To develop the destination image of Croatia, in the field of architecture we tend to utilize cultural heritage, which makes sense, having in mind that we have inherited such a wealth of it bearing internationally recognized quality labels such as the UNESCO World Heritage list. Dubrovnik, Šibenik, Trogir, Poreč, Split as well as Rovinj, Hvar, and Korčula are only some of the examples of well-preserved architectural heritage. Aiming to realize the full tourist potential, there are also activities focusing on the revitalization of the ruined architecture that belongs to the cultural heritage category. One of the recent examples is the cultural route named The Routes of the Frankopans comprising twenty castles and sacral buildings in Primorje and Gorski Kotar County. Although preserved, Lazareti have been long searching for their function after the facility seized being an isolation hospital. In the framework of the project named Creative Districts of Dubrovnik, Lazareti were given a completely new and comprehensive context. Organizers of the project Rijeka 2020 – European Capital of Culture have also been relying on the existing industrial architecture without any new construction. It will be interesting to see how will the revitalization of those facilities and the capital of culture project impact on the perception of the city of Rijeka as a destination in the future.
In the context of revitalization of architecture, another important aspect is to interpret heritage as a process in the course of which a team of experts in museology and art history needs to prepare a detailed research and propose a number of topics, which would form basis for the content and communication of the project.
Architecture as a branding medium
From the perspective of generation of emotions and images with which people can relate to, architecture is a very good medium because of its two facets that can be put to use. One is the real and physical presence that provides a unique experience and has the ability to create a distinguishable and visible symbol in the space— both from the distance and from the air, up close and so on. If it is sufficiently specific, in most cases that symbol can have multiple applications, i.e. by means of photography and the application of the concrete form of a particular building for the purpose of graphic or interactive design. In that context, some of the most successful projects that evolved into architectural icons are the Eiffel Tower in Paris, constructed on the occasion of the 1889 World’s Fair, and the Guggenheim Museum that redefined Bilbao as a destination and turned it into a place of pilgrimage for the so-called architourists. Nowadays, there are many other examples of the type, from Centre Georges Pompidou in Paris, Sydney Opera House and Louvre Abu Dhabi to Burj Khalifa in Dubai.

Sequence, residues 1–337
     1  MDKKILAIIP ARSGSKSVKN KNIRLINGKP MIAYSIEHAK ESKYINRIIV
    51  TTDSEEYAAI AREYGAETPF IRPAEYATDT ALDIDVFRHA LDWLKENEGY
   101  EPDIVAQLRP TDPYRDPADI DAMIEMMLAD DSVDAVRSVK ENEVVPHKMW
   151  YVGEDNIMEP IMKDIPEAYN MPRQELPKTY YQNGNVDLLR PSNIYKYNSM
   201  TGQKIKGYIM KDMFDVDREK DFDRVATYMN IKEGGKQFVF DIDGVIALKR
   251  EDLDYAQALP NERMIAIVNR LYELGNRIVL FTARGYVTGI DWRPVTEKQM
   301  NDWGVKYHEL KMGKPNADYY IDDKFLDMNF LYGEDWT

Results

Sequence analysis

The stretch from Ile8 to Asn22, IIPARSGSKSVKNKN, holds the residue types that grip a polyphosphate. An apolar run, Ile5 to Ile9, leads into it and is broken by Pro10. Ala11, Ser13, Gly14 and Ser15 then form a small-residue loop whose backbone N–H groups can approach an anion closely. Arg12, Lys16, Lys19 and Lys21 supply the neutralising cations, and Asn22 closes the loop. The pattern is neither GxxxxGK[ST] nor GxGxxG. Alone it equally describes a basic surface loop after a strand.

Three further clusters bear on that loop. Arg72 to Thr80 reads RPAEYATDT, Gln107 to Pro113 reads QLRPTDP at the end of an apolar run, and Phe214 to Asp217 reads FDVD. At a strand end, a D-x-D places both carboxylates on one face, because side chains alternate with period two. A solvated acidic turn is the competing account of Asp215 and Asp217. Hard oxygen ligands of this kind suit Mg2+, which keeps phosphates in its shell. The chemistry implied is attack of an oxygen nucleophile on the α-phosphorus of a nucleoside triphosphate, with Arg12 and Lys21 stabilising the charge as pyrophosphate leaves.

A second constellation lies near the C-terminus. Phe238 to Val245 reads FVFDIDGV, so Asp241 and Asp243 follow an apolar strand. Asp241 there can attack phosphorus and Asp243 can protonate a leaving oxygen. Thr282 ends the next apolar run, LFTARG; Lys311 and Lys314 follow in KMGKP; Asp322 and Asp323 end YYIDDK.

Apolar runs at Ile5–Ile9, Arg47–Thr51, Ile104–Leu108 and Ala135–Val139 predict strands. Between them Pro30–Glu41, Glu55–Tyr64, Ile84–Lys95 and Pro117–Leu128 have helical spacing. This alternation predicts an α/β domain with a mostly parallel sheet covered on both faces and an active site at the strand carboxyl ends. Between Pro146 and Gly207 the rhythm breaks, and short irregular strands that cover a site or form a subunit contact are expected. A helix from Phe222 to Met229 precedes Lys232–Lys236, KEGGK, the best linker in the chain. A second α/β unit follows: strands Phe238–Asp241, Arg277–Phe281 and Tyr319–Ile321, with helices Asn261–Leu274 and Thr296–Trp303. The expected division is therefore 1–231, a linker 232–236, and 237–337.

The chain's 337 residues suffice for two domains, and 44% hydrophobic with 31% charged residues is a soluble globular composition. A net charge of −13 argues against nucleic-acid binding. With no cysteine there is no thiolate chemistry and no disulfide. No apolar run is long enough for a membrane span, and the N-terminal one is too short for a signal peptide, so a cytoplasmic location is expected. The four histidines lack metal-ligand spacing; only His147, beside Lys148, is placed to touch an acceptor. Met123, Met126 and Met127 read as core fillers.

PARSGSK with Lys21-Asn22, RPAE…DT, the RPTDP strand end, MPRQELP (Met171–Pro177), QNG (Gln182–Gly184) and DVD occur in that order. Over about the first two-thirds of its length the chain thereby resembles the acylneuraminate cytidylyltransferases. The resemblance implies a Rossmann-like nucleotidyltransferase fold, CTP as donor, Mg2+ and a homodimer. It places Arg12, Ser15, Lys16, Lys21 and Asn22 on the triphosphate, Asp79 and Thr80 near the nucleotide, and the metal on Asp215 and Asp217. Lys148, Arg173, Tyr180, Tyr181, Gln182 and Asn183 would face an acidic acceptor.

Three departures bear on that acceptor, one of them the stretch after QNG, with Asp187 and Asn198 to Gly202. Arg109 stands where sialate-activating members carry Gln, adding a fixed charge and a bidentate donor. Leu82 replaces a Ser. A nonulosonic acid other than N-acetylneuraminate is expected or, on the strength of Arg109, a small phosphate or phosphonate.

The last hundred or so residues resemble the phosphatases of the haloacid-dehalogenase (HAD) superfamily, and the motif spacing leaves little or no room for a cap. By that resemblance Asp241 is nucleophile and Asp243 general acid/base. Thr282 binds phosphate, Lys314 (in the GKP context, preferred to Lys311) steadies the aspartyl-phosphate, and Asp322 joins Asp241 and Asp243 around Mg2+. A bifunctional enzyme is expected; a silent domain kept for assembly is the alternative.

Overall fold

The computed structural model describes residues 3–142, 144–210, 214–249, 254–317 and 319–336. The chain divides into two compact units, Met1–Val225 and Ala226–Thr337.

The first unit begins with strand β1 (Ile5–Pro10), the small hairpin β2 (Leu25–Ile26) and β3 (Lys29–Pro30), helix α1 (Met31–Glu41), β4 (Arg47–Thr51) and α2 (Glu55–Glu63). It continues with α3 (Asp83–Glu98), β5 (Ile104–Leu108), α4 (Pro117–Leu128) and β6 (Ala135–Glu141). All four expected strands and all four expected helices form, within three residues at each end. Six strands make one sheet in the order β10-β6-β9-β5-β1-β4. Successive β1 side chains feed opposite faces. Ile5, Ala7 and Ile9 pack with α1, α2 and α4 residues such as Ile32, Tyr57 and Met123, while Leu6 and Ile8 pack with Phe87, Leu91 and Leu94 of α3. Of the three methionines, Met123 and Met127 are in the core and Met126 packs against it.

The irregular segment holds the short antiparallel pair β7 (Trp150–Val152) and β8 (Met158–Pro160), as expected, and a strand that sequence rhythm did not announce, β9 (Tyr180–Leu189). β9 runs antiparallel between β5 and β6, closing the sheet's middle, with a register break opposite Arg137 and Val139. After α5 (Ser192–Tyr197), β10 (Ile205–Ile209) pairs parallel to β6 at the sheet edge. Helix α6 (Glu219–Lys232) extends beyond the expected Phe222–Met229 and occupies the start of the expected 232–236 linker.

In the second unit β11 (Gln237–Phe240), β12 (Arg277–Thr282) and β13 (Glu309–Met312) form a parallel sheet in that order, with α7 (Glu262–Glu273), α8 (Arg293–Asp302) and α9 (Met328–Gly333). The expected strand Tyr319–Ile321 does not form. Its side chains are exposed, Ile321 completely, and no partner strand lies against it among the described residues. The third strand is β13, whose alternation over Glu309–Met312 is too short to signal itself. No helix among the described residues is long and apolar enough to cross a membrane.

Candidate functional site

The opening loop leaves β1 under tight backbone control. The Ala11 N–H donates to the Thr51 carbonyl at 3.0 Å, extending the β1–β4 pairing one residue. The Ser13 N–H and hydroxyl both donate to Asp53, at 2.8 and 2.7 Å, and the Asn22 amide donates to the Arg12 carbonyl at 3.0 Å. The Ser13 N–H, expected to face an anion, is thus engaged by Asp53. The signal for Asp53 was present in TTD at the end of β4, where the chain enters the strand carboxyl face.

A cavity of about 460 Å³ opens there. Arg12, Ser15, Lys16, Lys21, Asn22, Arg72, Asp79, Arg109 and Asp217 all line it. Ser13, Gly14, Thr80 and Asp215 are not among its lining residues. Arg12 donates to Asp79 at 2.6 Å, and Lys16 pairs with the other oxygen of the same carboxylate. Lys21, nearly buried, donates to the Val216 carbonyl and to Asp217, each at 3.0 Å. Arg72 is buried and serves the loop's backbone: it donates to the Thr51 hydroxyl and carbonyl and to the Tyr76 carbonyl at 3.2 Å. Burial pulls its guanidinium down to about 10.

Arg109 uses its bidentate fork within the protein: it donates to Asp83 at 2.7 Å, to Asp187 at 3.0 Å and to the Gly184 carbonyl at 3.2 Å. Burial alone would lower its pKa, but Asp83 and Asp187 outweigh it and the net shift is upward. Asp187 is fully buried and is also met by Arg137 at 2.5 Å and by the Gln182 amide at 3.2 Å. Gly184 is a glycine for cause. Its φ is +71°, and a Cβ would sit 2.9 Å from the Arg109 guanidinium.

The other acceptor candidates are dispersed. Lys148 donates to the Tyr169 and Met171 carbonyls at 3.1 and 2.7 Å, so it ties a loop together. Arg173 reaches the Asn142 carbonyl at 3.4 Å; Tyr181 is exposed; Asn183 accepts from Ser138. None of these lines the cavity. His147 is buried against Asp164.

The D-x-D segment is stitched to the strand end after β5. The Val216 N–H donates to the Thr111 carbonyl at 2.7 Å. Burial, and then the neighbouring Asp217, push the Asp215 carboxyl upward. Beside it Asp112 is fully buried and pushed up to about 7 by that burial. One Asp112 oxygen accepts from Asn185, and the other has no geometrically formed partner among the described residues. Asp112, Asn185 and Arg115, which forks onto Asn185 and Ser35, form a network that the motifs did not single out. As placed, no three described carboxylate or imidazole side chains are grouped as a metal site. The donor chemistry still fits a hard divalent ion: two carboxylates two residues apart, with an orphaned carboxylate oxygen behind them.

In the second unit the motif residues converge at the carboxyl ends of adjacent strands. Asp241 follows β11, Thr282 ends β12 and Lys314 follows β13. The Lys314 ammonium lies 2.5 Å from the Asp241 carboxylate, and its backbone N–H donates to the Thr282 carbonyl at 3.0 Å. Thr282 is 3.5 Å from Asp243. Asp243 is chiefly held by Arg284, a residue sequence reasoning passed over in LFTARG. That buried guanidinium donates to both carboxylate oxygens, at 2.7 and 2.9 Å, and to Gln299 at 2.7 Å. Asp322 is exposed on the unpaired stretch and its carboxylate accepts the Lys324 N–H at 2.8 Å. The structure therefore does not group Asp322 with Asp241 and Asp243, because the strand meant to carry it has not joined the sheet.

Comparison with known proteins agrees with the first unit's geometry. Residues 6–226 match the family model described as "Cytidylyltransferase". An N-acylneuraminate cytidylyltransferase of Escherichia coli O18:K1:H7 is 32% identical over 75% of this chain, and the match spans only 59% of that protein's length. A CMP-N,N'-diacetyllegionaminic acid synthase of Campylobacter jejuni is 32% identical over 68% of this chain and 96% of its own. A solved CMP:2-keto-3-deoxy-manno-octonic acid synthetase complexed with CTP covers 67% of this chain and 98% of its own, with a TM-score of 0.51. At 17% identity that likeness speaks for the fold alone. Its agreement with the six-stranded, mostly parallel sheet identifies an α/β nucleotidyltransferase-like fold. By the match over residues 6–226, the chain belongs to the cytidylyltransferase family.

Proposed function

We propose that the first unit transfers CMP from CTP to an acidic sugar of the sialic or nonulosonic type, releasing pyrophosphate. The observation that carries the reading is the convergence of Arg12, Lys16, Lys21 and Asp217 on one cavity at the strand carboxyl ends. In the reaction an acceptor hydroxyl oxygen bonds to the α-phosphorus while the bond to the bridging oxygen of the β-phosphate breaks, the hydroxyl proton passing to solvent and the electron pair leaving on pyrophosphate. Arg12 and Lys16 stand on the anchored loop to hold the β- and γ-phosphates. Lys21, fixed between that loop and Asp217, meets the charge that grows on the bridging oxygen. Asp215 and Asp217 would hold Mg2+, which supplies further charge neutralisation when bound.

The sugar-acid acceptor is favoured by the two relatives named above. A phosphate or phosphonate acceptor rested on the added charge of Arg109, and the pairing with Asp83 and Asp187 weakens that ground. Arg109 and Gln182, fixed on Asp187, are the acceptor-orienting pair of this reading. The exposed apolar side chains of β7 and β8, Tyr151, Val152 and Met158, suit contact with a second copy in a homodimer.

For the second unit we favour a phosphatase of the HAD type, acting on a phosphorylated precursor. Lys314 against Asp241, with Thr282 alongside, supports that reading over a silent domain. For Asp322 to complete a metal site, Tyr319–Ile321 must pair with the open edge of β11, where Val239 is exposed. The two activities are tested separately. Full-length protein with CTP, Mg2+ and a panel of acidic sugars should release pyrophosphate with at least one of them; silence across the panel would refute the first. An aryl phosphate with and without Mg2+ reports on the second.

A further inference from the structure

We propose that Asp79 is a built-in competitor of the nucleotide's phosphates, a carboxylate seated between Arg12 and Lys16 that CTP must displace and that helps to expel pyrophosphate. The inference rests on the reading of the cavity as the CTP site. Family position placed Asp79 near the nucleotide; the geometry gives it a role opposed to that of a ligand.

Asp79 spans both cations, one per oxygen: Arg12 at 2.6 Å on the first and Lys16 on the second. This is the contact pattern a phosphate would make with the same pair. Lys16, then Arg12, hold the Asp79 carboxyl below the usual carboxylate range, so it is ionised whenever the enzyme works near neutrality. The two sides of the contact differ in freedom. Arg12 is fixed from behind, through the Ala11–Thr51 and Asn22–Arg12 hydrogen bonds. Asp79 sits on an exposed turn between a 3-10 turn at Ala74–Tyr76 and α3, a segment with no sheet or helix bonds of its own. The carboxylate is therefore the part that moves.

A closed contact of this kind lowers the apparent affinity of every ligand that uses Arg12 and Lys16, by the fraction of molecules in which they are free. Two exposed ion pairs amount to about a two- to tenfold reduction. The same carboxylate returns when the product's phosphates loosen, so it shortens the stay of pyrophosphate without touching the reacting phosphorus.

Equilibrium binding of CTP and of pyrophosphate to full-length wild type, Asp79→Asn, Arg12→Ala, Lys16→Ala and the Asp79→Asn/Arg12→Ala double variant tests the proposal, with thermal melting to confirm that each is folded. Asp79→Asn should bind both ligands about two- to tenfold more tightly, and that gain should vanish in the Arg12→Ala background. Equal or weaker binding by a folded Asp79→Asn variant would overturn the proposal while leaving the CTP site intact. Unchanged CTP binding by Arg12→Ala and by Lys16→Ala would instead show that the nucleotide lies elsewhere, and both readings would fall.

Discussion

The second crucial facet of architecture as a branding medium is the visiting experience. The process of designing that experience starts with naming and continues with visual communication whose most important elements, such as visual identity, selection of typography and colours, signage technology, content design and selection of promotion tools, navigate the visitor through the main message of a particular building, thus creating an authentic experience in harmony with the space by complementing it, both in the physical world and in the digital media (or, at least that should be the intention). This implies elements such as scents, sounds, capacity to utilize art installations, spatial graphics and the augmented reality with the use of technology (holograms, AV technology, etc.). A large part of the visiting experience most definitely results from the content and the way it is presented, whether people can relate to it or not. However, the largest part of the visiting experience is in the hands of the architecture itself, i.e. the way architectural elements are combined, relations established, innovative constructions and materials introduced as well as the way the person is treated inside of the space. An excellent example of a memorable architectural impression designed by Daniel Libeskind in the Jewish Museum in Berlin is the experience of the Holocaust Tower figuring life during the Nazi era. The tower is room that only a few people can enter at the same time. It has an irregular shape and a black ceiling with a mere ray of light coming from somewhere. Sounds are attenuated and the visitor soon becomes for the most part aware of the sound of footsteps. We are all alone there, left in the darkness, not knowing where the exit is and when will they let us out.